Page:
Heavy Lift, Part II

The Block and Tackle

Launching and recovering a boat in the water with a trailer is easy. Floating things fall sideways with very little effort. A boat floating can be moved by the slightest of wind and sometimes remarkable fast as I experienced on Lake Superior when CAP’T LEM sailed a steady 5 knots with not so much as a ripple on the water. But a boat on land is entirely different. Next visit to a boatyard, notice all the sorts of contraptions used to move them on land. Travel Lifts, cranes and slings, dry docks and railways. This will give some idea of the obstacles that must be overcome when a boat is out of water.

Long ago, I found a little book at the Wooden Boat Shop (gone now and deeply missed) located down on the Montlake Cut in Seattle. I treasure that book and keep it stowed for quick reference on AVANTI. Its title, MOVING HEAVY THINGS br Jan Adkins. If any book is worth its weight in gold, this one is. It was artfully illustrated and beautifully written. It addressed all the things I’ve encountered in this segment of my adventure, friction, weight, leverage, incline planes and the block & tackle. But most useful, it talked about principles. One of the principles to use before attempting to move something heavy was to ask yourself “How did the old timers do it?”

I could have hired a mobile crane to just come pick it up and set it on the trailer, but what story would that make? No, no! Much better I ask myself “How would Captain Lem do it?”

It would go something like this, “So Cap, how would you pick that boat up off the ground and get it on the trailer, by yourself?” and I hear him in my minds ear. “Well, Tommy, the first thing ya gotta do, is get a couple a’ Jacks,… and lots of wood for dunnage… and a good stout block and tackle. And ya got to pay attention. You can’t be thinking about anything in the world but what you’re doing, so pay attention… And one more thing, pay attention!”

“Got ya, Cap. So what you’re telling me is I damn well better pay attention to what I’m doing, right? I’ll let ya know how it turns out. If I tell ya face to face ya know it didn’t turn out well.”

The boat weighs 3500# + or – but mostly +. The trailer winch will exert 1500# force on the first wrap. With each successive wrap the force lessens until on the final wrap of the drum it only exerts 700#. I must still deal with a lot of weight and a lot of force so, at first, I transfer most of the weight to the hydraulic jacks. One might say I am floating the boat on the backs of the Jacks. By raising the front of the boat with the stern still resting in the sand and letting the trailer come up in the air as I winch, I steal away much of the weight and the friction. The trailer wedges its way farther and farther aft until a point of balance is reached and the trailer stop moving under the boat and the boat then comes off the ground and slides the final distance into place. Simple! Yes, just not easy. The requirement is greater and greater force.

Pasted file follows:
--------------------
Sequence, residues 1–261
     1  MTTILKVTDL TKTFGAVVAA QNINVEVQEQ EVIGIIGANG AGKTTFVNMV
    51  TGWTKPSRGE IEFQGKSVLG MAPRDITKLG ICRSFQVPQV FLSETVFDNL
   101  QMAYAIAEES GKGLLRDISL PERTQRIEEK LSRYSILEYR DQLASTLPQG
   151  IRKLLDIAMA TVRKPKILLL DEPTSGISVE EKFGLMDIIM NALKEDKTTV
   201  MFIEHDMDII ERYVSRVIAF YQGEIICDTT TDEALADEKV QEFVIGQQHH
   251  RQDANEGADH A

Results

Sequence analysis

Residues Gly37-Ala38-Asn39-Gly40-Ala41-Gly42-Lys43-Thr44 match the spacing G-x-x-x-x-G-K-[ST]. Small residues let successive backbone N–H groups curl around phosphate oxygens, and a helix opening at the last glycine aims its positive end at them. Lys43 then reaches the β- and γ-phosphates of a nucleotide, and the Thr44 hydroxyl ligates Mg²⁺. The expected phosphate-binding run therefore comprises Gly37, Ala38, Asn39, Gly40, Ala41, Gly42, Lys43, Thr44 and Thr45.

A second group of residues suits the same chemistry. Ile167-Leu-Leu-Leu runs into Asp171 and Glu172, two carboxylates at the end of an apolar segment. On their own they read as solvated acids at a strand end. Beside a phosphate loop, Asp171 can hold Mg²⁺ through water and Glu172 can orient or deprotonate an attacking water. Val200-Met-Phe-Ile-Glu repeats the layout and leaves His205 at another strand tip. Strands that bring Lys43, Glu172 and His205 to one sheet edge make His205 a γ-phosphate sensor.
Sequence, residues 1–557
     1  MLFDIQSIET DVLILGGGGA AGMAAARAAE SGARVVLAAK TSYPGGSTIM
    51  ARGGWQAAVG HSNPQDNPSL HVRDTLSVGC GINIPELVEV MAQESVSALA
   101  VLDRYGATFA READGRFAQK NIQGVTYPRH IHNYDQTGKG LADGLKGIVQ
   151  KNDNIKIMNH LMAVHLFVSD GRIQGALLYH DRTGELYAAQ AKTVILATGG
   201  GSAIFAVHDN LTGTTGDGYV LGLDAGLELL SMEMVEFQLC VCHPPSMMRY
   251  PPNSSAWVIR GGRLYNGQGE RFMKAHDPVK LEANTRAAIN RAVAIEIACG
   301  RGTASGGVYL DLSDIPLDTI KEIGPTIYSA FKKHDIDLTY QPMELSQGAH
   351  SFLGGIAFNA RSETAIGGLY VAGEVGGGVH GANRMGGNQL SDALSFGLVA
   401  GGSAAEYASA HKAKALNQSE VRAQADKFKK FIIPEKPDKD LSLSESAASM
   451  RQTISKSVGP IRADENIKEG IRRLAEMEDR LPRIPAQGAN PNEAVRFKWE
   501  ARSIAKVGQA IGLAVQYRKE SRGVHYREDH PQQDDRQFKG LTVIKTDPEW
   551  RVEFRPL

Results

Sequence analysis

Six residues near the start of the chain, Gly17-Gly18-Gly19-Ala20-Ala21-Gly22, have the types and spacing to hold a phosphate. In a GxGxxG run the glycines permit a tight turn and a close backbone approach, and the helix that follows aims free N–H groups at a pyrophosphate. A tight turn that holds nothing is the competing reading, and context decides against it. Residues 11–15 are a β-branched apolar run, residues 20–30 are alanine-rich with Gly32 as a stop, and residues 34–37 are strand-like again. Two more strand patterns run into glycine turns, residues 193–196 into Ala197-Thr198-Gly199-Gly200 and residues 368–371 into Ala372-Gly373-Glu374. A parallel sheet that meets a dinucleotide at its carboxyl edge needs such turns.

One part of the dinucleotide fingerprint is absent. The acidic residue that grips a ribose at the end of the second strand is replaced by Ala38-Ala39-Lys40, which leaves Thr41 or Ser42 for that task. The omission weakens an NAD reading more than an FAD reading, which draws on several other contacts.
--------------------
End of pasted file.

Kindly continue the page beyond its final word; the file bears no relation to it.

And this brings us to the block and tackle; mostly it’s the story of the blocks, the tackle having changed out a few times over the years. There are three blocks; one double sheave, one double sheave with a becket and one single sheave. Together they can exert a force 6 times greater than that applied to the working line. So my 1500# of force from the winch can be multiplied to 9000#. But this story is so much more than friction and force, for in these three pulleys are the visible reminder of all the boats I’ve own over the last thirty years.

I found them in the gift shop aboard the sailing ship Star of India in San Diego, 1981. They were so stout and lovely in the way sailors see things as lovely and so full of possibility. They made the perfect gift to my beautiful little Choey Lee Frisco Flyer, STORM TREE waiting to sail back on Puget Sound, so bought them with the last of my spending money for the month and stayed onboard when shipmates went to town, sanding and varnishing them. In those days I varnished them regularly and used them for sheet blocks and handy-billys and to climb the mast, and when I sold the boat, I kept the blocks. On my Monk Cutter, AURORA, they served as preventers and down hauls and up hauls and of course, mast climbers. (How to up-haul one’s self to the masthead, alone, we’ll discuss another time). On AVANTI, I’ve climbed the mast, main and mizzen, more times than I can remember. On the CAP’N LEM, they were instrumental in getting the boat on and off the flatbed truck the day I brought her to Goose Bay to spend the long winter on the hard.

Now, once again, these three wonderfully useful things have allowed me to do something far greater than is in my strength of arm and hand. When all is done, I think I will once again take them apart, clean them and grease them, shine the brass keepers and varnish them bright. There is still great beauty left in the teak of their cheeks and today my respect for them is renewed. They have moved the CAP’N LEM 288 inches!



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